This is a very fun, entertaining book about the myriad ways in which random phenomena affect our lives There is nothing really new here As a physicist, I am already well familiar will all of the concepts introduced, concerning probability and statistics But oh what a variety of fascinating applications I love the story about the Ask Marilyn column in Parade Magazine Marilyn vos Savant holds the record for the world s highest IQ She discussed the famous Monty Hall problem, and got aggravated lett [...]

Yes, I was an English major so, yes, I LOVE literature, but my statistics courses were my favorite courses ever I can t claim to be an expert statistician since I haven t run a chi square analysis in eons and since I can only remember the phrase data set but can t remember how to collect one kidding , but COME ON Some of Mlodinow s information is interesting, but much of his logic seems unfounded and certainly begs some sort of question and often a rather basic one at that I ve only finished 1 3 [...]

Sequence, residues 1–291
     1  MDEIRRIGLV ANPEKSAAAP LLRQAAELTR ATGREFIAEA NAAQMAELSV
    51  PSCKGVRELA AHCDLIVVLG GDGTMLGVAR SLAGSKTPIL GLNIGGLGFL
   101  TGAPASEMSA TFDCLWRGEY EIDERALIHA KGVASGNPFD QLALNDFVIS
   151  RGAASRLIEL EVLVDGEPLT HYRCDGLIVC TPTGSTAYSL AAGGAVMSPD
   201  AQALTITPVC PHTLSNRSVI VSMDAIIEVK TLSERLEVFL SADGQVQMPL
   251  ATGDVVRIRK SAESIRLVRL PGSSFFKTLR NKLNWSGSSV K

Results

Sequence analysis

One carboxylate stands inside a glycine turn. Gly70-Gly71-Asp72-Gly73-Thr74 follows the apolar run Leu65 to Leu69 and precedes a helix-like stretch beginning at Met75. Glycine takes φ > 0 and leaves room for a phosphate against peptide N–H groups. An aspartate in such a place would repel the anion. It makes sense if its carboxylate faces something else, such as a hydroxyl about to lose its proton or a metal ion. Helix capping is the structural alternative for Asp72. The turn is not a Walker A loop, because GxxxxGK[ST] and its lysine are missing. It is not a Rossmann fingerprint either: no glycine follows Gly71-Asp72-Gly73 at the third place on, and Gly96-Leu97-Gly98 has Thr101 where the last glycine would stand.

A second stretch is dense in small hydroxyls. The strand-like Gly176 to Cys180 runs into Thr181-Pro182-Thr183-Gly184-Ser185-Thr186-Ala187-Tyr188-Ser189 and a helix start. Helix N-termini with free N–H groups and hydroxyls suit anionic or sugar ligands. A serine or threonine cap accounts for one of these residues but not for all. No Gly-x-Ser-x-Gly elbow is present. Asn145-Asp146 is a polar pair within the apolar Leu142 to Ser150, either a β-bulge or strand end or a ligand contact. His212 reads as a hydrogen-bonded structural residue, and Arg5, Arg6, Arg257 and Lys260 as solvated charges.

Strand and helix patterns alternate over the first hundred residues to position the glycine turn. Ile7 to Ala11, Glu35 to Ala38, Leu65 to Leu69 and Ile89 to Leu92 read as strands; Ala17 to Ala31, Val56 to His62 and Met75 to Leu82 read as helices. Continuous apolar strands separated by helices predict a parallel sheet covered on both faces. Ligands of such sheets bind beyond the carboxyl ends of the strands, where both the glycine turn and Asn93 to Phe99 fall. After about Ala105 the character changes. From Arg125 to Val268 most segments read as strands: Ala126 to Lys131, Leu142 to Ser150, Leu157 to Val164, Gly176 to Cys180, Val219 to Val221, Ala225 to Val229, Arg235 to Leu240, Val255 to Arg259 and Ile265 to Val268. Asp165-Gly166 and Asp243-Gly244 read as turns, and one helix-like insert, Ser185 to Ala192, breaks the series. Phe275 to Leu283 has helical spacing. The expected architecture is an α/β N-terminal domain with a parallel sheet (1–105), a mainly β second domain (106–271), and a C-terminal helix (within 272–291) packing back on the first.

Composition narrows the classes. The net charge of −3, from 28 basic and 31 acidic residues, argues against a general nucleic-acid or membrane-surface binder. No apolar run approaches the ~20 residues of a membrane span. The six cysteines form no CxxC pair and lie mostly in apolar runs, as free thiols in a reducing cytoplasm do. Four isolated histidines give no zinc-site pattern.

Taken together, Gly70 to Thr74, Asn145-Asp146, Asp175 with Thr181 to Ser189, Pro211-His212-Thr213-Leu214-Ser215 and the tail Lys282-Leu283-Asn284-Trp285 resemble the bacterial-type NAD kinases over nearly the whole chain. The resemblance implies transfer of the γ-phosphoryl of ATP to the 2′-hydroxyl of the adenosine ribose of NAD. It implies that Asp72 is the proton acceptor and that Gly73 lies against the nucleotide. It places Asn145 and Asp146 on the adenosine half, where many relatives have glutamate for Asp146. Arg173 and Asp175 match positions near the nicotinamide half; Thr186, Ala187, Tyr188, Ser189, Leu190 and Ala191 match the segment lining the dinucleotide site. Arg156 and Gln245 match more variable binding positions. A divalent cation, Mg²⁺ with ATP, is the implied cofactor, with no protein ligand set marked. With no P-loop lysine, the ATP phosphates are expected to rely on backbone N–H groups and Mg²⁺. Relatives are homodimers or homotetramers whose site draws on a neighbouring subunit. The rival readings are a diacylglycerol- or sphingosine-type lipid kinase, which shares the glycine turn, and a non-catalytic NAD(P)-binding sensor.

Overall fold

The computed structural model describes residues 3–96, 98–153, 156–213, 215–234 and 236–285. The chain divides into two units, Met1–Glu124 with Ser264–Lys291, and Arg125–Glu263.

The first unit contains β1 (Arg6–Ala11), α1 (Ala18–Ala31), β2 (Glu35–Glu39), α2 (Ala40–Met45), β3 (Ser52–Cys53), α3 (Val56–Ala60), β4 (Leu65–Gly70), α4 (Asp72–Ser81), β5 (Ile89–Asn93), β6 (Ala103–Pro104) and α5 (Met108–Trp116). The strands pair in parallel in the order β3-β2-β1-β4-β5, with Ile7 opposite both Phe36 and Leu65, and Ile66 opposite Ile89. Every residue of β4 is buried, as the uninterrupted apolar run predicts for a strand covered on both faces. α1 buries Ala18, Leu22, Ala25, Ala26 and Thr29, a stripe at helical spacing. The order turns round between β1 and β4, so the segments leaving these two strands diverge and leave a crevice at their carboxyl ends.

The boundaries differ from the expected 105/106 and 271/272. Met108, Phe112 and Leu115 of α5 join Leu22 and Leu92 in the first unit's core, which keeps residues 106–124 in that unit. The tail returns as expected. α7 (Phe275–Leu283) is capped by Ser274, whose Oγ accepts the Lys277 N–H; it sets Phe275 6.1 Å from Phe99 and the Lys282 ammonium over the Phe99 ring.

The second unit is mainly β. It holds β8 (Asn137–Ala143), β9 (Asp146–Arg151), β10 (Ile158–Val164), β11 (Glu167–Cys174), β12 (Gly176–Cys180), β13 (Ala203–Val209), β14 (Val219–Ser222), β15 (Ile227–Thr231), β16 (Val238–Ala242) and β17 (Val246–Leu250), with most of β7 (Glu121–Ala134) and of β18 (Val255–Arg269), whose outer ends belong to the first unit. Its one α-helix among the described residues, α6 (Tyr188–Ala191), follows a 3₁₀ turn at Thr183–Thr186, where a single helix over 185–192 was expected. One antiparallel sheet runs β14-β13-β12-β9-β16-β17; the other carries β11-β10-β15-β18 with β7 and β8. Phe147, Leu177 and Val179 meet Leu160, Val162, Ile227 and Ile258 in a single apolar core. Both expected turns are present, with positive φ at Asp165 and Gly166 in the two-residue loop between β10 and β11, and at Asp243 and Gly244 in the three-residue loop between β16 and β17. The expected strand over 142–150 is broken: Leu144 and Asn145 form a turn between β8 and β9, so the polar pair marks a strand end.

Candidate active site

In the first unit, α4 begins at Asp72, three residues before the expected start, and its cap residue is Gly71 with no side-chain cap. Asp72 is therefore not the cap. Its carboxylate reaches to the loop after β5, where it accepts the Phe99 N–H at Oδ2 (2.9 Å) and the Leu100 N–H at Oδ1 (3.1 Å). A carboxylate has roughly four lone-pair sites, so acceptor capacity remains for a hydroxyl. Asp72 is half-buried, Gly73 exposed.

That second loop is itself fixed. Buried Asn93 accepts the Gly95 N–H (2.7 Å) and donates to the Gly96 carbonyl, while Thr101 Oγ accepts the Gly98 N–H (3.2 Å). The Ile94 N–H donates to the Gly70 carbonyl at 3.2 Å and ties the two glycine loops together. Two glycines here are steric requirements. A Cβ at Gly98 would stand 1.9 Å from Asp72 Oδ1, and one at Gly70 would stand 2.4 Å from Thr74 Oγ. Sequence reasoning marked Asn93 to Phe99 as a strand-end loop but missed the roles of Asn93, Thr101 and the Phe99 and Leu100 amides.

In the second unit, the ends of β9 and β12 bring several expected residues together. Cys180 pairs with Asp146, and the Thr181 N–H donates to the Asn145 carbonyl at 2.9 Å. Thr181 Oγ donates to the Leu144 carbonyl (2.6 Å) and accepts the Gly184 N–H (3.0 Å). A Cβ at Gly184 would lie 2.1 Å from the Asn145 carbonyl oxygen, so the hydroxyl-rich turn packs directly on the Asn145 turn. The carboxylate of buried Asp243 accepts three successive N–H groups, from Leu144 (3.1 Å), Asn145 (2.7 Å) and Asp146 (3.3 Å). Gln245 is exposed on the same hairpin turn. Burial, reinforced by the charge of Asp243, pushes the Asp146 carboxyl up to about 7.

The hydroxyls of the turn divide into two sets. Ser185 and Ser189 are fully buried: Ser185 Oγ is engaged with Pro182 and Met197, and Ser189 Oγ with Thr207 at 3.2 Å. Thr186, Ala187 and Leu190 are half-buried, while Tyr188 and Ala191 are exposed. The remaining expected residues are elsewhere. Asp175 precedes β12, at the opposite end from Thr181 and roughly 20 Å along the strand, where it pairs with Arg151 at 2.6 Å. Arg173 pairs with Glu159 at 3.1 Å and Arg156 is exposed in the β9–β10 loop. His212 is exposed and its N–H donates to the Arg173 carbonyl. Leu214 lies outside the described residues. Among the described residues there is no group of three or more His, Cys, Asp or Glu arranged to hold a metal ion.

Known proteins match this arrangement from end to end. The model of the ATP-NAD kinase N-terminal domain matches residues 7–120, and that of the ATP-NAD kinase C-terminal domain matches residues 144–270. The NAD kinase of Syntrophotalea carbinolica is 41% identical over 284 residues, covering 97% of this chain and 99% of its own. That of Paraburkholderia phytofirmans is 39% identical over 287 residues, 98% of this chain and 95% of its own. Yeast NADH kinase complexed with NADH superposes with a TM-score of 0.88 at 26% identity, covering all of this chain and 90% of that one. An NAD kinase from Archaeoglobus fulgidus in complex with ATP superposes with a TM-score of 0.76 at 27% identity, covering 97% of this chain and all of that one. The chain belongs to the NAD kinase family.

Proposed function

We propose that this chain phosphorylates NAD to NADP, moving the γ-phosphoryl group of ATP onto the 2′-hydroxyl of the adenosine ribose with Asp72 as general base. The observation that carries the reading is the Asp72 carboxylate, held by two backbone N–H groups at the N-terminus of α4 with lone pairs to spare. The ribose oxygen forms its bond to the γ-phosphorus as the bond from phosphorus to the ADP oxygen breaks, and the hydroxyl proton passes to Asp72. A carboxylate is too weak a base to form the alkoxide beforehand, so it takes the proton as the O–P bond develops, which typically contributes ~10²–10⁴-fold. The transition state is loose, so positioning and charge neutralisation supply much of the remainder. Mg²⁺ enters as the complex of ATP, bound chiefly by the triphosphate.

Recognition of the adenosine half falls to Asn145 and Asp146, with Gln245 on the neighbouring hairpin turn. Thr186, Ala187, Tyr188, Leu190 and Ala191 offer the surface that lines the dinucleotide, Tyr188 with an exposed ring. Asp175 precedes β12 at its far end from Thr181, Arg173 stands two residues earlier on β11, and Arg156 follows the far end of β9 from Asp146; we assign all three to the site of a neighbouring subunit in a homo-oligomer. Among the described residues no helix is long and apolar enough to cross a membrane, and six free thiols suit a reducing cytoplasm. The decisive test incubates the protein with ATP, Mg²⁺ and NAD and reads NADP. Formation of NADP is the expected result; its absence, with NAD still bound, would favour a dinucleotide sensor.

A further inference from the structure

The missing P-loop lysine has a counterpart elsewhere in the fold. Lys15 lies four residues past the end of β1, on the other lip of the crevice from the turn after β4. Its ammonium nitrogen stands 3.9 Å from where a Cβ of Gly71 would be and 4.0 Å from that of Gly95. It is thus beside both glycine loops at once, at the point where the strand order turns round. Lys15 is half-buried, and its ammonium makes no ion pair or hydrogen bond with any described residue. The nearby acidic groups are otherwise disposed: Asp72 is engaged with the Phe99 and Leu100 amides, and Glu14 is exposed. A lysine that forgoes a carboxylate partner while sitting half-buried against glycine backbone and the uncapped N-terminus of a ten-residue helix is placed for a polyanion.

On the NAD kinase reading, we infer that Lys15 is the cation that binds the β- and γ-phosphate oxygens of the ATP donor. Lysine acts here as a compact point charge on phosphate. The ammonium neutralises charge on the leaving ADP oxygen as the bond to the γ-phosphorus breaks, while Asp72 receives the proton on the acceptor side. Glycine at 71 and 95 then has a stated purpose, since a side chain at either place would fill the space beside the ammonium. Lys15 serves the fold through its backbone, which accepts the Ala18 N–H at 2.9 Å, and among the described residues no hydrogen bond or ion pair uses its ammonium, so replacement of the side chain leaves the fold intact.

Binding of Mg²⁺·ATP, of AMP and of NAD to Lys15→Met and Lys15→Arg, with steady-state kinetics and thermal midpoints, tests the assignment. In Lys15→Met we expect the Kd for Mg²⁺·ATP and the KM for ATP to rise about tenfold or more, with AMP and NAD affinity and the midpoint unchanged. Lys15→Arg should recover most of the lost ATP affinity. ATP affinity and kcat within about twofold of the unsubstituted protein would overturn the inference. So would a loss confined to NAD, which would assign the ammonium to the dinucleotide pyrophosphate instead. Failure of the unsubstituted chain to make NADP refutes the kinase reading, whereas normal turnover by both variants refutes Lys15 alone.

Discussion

I hadn t realised I had read this guy before, and remarkably recently Euclid s Window The Story of Geometry from Parallel Lines to Hyperspace was a fascinating read and oddly enough, I was even reminded of it as I was reading this one and I still didn t put two and two together an appropriate enough metaphor for books on mathematics until I was well over half way through They are very similar books presenting an entire field of mathematics to a non mathematical audience from an historical perspe [...]